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Presentation Skills Training

A 3 Step Structure for any Presentation

More than three decades of sales and management training have convinced us that becoming an effective public speaker and presenter is the one key skill that any high potential must master. Nothing opens more doors, creates more visibility or motivates more effectively than the ability to speak well in front of others.

The question is: what does it take to be a successful public speaker?

Now many people tend to think that public speaking is all about overcoming nerves and having the confidence to stand up in front of a group. And yes, the ability to conjure confidence at the right moment is important. But it is worth remembering that confidence does not just appear from nowhere. And to paraphrase sailing legend Ben Ainslie, many races are won before anyone even gets on the water.

Presenting and speaking effectively is also for example, about preparation – thinking through the audience’s requirements and tailoring your approach accordingly – as well as being able to connect with people emotionally and build trust.

Improve your presentation skills

In other words, there is a lot you can do to improve your presentation skills besides from simply trying to appear more confident. On this blog we are going to investigate a key element that anyone can work on: how to structure your presentation, and then prepare appropriate notes.

It cannot be understated that every presentation must have a logical structure to guide and shape your audience’s understanding – as well as to give them the satisfaction of following the line of whatever it is you are saying! It is easy to do, but it is remarkable how many people fail to do it properly.

Below we provide a simple three step sequence which we recommend on our presentation skills training courses. This structure can be used in any presentation, big or small, whether pitching to clients or proposing an idea to your management team during a meeting.

Your simple three step structure for any presentation

  1. The opening

    Begin with an attention grabber. Use a question, a statement, an unusual fact or a slice of humour to attract attention. Be different – you don’t get a second chance to make a first impression. Once you’ve caught their attention, introduce yourself and outline your pitch. Sell the content. What’s in it for them? Why should they listen?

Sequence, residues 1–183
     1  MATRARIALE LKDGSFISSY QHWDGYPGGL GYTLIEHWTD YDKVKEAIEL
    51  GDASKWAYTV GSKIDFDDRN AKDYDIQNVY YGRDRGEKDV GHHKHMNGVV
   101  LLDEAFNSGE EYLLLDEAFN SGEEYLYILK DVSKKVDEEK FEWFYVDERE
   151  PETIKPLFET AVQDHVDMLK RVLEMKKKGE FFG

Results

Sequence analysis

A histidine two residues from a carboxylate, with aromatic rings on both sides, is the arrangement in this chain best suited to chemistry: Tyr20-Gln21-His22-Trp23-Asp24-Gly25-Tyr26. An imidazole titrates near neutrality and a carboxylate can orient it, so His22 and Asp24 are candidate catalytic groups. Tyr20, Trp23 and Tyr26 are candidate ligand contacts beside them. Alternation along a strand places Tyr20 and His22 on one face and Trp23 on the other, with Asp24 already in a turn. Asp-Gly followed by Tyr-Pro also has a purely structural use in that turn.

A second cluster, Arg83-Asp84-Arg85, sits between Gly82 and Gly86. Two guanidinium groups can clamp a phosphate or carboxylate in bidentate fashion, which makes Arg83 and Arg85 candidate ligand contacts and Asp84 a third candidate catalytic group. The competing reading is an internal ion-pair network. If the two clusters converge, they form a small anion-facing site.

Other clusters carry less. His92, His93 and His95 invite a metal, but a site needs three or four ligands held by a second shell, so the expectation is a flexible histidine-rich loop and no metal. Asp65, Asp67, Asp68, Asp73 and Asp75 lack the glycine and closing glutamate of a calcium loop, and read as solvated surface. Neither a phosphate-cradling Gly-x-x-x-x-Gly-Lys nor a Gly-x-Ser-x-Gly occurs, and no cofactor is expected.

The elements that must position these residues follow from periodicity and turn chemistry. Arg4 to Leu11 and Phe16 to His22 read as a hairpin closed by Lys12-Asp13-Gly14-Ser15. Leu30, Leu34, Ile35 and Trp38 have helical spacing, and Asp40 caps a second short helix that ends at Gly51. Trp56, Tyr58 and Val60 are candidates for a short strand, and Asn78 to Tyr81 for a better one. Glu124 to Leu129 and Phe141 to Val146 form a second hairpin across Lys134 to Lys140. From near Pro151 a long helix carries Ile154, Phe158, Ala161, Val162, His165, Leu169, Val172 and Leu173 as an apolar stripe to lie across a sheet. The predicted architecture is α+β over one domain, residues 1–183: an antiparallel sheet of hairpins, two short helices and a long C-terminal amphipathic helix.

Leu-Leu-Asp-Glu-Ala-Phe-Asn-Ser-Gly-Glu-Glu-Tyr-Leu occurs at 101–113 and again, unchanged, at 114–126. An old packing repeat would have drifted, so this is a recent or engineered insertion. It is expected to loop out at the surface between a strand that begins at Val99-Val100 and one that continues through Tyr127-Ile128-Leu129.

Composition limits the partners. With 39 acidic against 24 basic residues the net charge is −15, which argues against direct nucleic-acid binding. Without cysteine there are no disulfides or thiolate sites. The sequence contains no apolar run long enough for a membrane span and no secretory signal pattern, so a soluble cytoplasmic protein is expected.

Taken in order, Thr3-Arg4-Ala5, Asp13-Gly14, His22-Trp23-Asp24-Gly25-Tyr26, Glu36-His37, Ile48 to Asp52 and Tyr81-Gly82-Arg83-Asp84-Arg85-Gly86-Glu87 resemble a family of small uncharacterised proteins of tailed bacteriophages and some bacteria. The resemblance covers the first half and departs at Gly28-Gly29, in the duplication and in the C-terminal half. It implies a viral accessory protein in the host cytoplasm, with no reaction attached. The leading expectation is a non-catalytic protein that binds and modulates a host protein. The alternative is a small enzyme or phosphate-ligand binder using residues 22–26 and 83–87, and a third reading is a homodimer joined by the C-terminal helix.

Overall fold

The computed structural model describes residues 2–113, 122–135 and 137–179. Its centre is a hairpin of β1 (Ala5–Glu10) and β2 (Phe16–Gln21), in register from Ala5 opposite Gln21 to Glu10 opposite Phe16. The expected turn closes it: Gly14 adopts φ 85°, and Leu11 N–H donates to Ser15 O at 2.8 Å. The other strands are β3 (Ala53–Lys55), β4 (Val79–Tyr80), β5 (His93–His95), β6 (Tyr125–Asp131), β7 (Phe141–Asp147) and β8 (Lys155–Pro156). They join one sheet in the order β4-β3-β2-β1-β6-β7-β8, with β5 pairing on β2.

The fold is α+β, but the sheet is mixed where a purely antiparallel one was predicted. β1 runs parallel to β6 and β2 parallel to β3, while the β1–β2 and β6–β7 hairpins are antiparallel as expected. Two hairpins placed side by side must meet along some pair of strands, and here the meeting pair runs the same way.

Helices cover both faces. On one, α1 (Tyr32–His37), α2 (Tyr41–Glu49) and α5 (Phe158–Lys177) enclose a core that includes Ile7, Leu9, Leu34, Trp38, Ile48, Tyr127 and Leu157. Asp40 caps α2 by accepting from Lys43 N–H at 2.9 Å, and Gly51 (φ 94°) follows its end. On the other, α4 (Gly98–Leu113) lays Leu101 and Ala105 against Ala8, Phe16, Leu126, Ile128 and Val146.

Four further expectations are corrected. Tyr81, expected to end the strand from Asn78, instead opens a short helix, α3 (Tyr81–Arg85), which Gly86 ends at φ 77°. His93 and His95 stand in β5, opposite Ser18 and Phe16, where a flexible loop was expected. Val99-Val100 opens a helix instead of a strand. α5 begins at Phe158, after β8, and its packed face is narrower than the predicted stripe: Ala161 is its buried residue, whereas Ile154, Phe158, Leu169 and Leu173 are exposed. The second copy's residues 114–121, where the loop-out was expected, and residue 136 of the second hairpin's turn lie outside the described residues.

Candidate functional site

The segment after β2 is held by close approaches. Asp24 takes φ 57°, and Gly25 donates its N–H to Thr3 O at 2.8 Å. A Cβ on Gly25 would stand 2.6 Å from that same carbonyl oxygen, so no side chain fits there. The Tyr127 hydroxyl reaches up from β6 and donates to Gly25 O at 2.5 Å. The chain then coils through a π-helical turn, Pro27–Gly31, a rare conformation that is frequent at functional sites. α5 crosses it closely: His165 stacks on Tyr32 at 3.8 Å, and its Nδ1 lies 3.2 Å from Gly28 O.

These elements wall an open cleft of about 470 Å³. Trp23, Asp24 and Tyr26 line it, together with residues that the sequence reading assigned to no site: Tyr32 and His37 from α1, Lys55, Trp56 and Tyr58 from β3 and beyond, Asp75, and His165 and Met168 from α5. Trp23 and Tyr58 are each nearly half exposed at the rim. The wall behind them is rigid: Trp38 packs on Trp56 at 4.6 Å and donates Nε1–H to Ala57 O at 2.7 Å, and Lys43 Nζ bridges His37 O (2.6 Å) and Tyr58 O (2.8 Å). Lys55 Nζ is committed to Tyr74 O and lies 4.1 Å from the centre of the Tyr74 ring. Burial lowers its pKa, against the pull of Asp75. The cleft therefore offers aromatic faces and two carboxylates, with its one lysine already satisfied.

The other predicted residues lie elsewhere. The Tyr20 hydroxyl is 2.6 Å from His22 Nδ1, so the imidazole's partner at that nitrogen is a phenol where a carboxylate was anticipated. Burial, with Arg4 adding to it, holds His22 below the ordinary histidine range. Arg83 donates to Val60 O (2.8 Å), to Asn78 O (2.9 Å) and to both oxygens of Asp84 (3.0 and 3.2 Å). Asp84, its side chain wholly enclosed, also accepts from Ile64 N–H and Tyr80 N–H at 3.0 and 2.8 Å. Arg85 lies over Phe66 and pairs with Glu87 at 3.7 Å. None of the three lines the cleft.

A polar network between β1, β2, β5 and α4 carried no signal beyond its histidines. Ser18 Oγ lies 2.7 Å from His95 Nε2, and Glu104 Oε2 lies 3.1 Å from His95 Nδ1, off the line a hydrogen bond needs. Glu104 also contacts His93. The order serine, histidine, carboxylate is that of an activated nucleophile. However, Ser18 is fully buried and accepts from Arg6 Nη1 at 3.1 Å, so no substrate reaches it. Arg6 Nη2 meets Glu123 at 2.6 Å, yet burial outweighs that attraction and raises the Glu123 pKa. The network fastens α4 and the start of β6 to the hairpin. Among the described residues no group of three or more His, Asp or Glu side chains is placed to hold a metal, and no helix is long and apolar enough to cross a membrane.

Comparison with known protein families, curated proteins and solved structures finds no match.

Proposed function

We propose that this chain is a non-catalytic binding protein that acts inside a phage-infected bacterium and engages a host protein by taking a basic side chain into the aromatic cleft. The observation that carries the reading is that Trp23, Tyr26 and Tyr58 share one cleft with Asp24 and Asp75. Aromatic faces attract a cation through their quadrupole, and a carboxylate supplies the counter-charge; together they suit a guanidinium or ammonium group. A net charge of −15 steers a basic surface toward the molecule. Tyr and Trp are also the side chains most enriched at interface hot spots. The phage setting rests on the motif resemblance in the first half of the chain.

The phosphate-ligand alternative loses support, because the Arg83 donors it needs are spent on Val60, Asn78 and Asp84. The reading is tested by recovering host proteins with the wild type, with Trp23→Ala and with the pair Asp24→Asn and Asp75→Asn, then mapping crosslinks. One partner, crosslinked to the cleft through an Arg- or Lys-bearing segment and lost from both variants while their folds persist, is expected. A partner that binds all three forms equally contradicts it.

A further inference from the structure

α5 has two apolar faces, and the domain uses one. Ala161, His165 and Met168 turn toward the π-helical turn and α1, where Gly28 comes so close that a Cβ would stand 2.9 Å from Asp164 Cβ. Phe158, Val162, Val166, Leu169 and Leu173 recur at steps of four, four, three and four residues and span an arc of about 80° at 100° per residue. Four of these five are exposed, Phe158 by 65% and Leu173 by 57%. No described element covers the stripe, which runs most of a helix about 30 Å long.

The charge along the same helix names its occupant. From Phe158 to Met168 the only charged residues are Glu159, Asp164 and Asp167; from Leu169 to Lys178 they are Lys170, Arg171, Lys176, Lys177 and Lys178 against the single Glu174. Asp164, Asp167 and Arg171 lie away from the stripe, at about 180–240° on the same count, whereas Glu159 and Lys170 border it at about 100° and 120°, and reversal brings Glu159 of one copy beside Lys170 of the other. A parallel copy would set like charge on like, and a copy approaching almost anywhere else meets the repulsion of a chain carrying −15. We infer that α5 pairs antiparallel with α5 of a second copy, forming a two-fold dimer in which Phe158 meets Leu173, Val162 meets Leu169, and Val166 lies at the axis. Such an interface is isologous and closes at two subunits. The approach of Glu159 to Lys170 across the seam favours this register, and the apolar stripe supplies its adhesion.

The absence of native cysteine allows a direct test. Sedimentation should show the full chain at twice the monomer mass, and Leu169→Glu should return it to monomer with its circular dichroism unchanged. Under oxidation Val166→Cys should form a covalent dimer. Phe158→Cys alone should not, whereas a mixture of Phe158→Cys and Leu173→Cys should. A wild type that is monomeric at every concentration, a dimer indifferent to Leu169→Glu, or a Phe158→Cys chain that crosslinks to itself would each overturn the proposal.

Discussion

2. The body

    You want the body of your presentation to contain a logical sequence of key points. These key points, perhaps three or four, should support your call to action, and be illustrated wherever possible with examples, stories or anecdotes. Stories communicate. The objective of any presentation is to transfer a message to a group in such a way that they ‘buy it’ and understand what you want them to do. Always follow the psychology of a sales process and offer benefits (not just features) that match the listeners’ expectations. Avoid long streams of facts and figures (if necessary these should be dealt with in handouts).

  3. The close

    Summarise the key points. Let the audience know that you are summarising – ‘To summarise…’ Link back to the attention grabber. Have a logical and strong close to the original question or statement, ideally ending with a call for action. Beware your voice ebbing at the end.

Write it down – Learn how to make notes

Once you have decided on the structure of your presentation, you need to start writing it down. Now you don’t need to write down the whole thing – in fact the biggest mistake people make is to write down their entire presentation, and then read it out, word for word, to their audience. DON’T DO THIS! Much better to engage your audience with eye contact and enthusiasm than to perfectly recite a pre-written presentation.

Instead of writing the whole thing, you might like to write down simple bullet point reminders to refer to during the presentation. These could be reminders of key points and links between sections, as well as more detailed script for your opening and closing sections, which are important to get right and can be nervous moments to ad lib.

If you have time to rehearse, it is always a good idea to practise delivering the presentation – even if only to yourself or a colleague. While rehearsing you may find it helpful to annotate your notes freely with a highlighter pen, to give you a really clear idea of the structure and sequencing of your points.

When it comes to delivering the actual presentation, remember to enjoy it. If you enjoy your presentation, your audience will as well.

Read more about Dynamic Presentation Skills
Read more about Dynamic Presentation Skills - In-house Course

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